By Ps Lee Kok Wah
Human suffering is universal, but the suffering of our Lord Jesus Christ is unique. He is the only human who is divine, and he is the only human who is righteous (without sin and have a right relationship with God). Yet, Jesus suffered. The sovereign God became the suffering God (Phil 2:6-8).
Timothy Keller, in his book Walking with God through Pain and Suffering (Penguin Books, 2013) observed that the gospels describe Jesus experiencing the ordinary pressures, difficulties, and pains of normal human life, including weariness, thirst (John 4:6), distress, grief, and being “troubled in heart” (Mark 3:5; John 11:35; 12:27). His suffering was such that throughout his life he offered up prayers “with loud cries and tears” (Heb 5:7; cf. Luke 22:44). He knew the pain of being completely misunderstood by his friends and rejected by his family and hometown (John 7:3-5; Matt 13:57; Mark 3:21). He was also tempted by the devil (Luke 4:1-13). During the final week before his crucifixion, Jesus was abandoned, denied, and betrayed by people whom he had poured his life into. On the cross, he was forsaken by even God the Father (Matt 27:46). God is sovereign over suffering and yet, God also made himself vulnerable and subject to suffering. The main reason that Christians can trust God in the midst of suffering is that God himself has firsthand experience of suffering.
Jesus “learned” from what he suffered (Heb 5:8). He experienced what it is like to be human by learning “trusting-obedience” in God the Father through pain and suffering. In a similar way, we learn and grow in Christlikeness by trusting and obeying God through our pain and suffering.
The Apostle Paul understood the role of suffering in spiritual growth. Union with Jesus was so precious to Paul that he wrote: “But whatever were gains to me I now consider loss for the sake of Christ… I want to know Christ – yes, to know the power of his resurrection and participation in his sufferings, becoming like him in his death, and so, somehow, attaining to the resurrection from the dead” (Phil 3:7a, 10-11).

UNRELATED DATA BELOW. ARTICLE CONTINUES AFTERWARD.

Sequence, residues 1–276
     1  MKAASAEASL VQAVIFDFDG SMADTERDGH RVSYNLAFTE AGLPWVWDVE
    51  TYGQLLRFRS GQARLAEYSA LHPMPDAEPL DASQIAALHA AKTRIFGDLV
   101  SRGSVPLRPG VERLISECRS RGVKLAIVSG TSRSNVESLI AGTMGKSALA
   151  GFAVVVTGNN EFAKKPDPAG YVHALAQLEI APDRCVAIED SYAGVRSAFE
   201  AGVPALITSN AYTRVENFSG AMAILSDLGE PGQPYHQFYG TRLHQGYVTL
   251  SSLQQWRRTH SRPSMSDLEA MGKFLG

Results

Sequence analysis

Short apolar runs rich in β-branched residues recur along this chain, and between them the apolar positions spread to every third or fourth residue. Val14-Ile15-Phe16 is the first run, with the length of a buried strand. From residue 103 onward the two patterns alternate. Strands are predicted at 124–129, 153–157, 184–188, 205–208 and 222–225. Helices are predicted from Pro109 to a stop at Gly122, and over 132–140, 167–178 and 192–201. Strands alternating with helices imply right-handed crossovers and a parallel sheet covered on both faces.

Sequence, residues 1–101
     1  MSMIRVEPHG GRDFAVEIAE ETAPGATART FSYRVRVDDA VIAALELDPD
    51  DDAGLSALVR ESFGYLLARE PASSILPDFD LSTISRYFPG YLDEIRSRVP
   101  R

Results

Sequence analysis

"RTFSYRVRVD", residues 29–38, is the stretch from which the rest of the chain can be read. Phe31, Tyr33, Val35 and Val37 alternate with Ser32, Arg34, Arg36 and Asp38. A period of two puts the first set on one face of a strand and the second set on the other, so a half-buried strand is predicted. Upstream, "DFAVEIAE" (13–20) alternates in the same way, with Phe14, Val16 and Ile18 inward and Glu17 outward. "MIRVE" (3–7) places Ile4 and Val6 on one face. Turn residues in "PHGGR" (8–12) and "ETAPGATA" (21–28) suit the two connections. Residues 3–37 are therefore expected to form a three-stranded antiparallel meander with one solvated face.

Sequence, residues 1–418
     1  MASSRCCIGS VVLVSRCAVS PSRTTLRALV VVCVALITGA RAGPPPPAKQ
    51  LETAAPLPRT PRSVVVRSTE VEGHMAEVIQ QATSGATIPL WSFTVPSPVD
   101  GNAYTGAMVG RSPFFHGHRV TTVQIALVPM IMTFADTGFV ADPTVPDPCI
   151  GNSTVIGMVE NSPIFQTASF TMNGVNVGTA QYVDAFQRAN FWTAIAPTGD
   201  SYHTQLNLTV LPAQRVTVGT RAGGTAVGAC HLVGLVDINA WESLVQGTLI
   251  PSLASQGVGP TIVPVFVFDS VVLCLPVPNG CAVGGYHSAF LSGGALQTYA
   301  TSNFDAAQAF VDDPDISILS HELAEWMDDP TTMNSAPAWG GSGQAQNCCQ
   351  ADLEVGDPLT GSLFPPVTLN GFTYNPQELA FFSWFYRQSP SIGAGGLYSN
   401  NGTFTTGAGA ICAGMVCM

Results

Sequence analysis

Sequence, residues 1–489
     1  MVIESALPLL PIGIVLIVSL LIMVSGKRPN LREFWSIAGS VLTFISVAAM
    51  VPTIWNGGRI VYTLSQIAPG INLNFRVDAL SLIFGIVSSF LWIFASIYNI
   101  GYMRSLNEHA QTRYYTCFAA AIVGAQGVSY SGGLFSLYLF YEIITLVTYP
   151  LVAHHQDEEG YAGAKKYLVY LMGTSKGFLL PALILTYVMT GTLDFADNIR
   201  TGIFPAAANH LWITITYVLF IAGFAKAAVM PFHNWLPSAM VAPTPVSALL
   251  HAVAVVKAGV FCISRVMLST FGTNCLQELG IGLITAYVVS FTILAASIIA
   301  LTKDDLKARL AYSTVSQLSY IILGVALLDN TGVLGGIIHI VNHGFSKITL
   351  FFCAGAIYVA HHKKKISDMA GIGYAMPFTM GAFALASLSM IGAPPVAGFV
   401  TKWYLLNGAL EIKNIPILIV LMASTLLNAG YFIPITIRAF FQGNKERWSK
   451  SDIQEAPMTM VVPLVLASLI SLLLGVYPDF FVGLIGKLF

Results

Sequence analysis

While Christians may be enthusiastic about knowing the power of Jesus’ resurrection, we who follow Jesus have our reservations when it comes to participation in his sufferings. Jesus understands our natural tendency to withdraw from suffering. His invitation to his disciples to take up their cross and to share his yoke reflects his compassion for them regarding pain and suffering.
Jesus says that those who want to be his disciples must deny themselves and take up their cross daily and follow him (Luke 9:23). To “take up the cross” does not mean to look for pain, to search for a problem or to be hard on ourselves. It means firstly to acknowledge where we are suffering and to trust that God is with us through it all. There is always some hardship in our lives permitted by God. That hardship is our cross. Are we acknowledging it? Are we accepting it as a discipling process from God (Heb 12:7-11)?
The second thing that Jesus asks of his disciples is to follow him. Jesus is inviting us to make the carrying of our cross part of our discipleship journey. We are invited to connect with him and to come to him – God’s way. That way is to take his yoke – to share in his suffering for the whole world, for it will prove to be an easy yoke (Matt 11:28-30).
While discipleship courses may be helpful, these cannot substitute the transforming role of carrying our cross in our daily, real life. This is the mystery of Christian discipleship. Jesus did not come to take our hardship away or to take our cross away. Jesus came to invite us to connect our burden with his burden, to connect our suffering with his suffering, to connect our pain to his pain. It is an invitation to remain connected to Jesus who wants to give us his burden as a light burden because it is a load that he has already carried for us on his cross. Our suffering is still hard. Our pain is still a burden. But connected with Jesus, it becomes something new and lighter. We connect with him through prayer. Let us bring it all to the Suffering Sovereign God who has endured all and lived it all.